If you are looking to get a payday advance, then there are quite a few things that you need to know before proceeding. To help you get a better handle on how these loans work, here is an overview and some tips:
What are payday advances?
Also known as payday loans or cash advances, these loans have very high interest rates and generally have very specific mechanisms for how they are repaid. When you get a payday advance, you will usually write a check to the lender that will be cashed in on your next payday. This ensures that the lender will get their money back and that you won't forget to repay the loan. Of course, the obvious problem that can arise is that you might not have enough money in your bank account to cover your check on your next payday. If that happens, then you will need to pay the loan back on your next payday with some additional interest.
Are they the same everywhere?
One of the most important things to know about payday advances is that they vary greatly from state to state. Each state has its own laws about interest rates, and some even have specific laws about the repayment of payday advances. Therefore, you want to look into your state's laws before you sign up for anything, especially if you are browsing online. Sites may seem pretty reputable, but they might be offering illegal rates or terms of repayment.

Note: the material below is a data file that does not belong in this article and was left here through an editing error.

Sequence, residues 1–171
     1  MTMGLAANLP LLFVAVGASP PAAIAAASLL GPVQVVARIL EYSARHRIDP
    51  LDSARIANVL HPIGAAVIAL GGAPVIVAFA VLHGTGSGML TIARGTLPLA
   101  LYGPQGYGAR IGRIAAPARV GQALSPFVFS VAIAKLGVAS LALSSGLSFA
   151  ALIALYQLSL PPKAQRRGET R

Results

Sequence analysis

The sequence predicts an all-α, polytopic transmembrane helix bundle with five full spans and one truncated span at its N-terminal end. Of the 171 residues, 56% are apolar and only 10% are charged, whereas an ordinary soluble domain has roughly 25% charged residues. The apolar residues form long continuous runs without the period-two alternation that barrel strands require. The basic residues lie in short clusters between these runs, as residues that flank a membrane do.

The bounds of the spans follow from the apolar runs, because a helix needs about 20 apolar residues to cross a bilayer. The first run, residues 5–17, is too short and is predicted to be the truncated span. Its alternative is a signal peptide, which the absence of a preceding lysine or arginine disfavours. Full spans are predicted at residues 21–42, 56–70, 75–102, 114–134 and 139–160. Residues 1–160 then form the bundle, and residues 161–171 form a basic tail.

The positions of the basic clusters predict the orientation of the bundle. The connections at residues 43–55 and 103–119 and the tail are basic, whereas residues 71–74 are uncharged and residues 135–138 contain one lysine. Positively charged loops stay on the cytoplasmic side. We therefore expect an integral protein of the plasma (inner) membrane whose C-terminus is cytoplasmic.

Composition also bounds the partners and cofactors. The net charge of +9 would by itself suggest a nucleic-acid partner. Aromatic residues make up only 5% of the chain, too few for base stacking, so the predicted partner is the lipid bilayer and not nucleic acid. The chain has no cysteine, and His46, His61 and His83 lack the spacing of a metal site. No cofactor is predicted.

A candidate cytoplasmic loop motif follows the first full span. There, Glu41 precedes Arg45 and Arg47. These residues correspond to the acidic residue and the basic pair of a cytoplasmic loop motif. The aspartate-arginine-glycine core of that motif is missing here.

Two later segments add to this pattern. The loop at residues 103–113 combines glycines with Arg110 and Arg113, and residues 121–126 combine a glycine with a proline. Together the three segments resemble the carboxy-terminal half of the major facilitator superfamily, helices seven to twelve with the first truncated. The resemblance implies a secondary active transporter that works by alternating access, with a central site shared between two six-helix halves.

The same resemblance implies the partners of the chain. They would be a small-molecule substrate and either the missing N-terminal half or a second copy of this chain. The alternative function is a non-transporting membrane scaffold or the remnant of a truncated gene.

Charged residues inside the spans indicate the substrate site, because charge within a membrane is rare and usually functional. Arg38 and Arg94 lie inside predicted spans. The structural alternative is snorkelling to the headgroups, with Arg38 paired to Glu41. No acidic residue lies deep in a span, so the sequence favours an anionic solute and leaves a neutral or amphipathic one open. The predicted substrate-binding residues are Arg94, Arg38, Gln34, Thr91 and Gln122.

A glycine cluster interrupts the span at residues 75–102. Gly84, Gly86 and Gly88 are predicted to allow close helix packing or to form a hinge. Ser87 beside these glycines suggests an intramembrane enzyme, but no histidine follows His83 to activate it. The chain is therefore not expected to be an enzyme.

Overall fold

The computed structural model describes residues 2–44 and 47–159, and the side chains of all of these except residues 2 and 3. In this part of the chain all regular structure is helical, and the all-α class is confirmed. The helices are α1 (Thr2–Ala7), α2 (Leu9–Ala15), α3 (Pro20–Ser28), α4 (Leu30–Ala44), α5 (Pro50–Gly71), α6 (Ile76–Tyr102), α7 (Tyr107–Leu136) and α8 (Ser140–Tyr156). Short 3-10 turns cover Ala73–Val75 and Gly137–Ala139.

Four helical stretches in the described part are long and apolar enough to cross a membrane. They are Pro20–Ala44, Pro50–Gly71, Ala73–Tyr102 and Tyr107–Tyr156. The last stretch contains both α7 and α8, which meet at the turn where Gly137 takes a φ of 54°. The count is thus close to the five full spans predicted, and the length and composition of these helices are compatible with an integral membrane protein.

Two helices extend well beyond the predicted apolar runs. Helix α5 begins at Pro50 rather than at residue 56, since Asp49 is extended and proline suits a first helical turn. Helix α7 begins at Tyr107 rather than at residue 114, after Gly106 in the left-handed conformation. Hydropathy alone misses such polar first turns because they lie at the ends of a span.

Can you use multiple payday advances at once?
The short answer is no. The long answer is that it is illegal to use a single payday as the basis for multiple payday advances. Aside from being easy to exploit on your end (you could potentially take a variety of cash advances against a single payday with no intention to pay any of them back), such a situation could leave you massively in debt. Taking one payday advance has high interest rates on its own, but multiple loans can be financially devastating.
How should one use a payday advance?
If you have no other choice, then a payday advance can be a very useful tool. All you need to do is plan ahead and make sure that you have the financial means to bear the high interest rates. Don't take more money than you need, and make sure to repay the advance as quickly as possible.